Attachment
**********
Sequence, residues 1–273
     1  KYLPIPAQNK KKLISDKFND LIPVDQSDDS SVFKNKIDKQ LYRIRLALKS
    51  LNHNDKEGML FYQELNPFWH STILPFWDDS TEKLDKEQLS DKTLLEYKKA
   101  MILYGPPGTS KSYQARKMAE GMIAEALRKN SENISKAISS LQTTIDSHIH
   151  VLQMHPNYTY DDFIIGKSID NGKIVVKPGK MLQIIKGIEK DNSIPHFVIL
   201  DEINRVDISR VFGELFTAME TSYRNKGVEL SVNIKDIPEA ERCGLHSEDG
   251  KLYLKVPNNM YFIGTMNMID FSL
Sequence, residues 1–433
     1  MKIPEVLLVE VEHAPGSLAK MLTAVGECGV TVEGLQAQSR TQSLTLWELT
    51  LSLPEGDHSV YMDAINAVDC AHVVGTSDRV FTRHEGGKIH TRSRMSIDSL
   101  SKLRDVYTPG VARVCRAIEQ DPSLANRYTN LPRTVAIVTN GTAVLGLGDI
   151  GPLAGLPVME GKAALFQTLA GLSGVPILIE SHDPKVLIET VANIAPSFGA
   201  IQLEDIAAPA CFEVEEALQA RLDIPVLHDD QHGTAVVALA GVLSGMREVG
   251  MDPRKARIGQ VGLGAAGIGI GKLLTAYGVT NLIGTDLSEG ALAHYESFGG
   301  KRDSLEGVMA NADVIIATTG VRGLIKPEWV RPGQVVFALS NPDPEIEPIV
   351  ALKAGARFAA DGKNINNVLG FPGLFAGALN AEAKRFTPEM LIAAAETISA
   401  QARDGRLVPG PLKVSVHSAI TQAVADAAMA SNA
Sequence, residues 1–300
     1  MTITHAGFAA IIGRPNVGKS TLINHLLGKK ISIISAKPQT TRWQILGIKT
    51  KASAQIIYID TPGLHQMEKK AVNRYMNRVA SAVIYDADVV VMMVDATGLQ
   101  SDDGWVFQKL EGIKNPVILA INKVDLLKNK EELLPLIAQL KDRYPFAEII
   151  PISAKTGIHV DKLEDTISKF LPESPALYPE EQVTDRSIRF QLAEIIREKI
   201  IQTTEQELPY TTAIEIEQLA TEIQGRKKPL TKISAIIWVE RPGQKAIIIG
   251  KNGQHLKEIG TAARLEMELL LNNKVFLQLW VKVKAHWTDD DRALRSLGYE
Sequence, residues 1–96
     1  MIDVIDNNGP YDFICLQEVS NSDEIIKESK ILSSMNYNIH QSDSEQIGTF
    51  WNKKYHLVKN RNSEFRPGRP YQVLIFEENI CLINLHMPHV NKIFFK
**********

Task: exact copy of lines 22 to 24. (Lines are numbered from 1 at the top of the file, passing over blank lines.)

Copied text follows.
   151  PISAKTGIHV DKLEDTISKF LPESPALYPE EQVTDRSIRF QLAEIIREKI
   201  IQTTEQELPY TTAIEIEQLA TEIQGRKKPL TKISAIIWVE RPGQKAIIIG
   251  KNGQHLKEIG TAARLEMELL LNNKVFLQLW VKVKAHWTDD DRALRSLGYE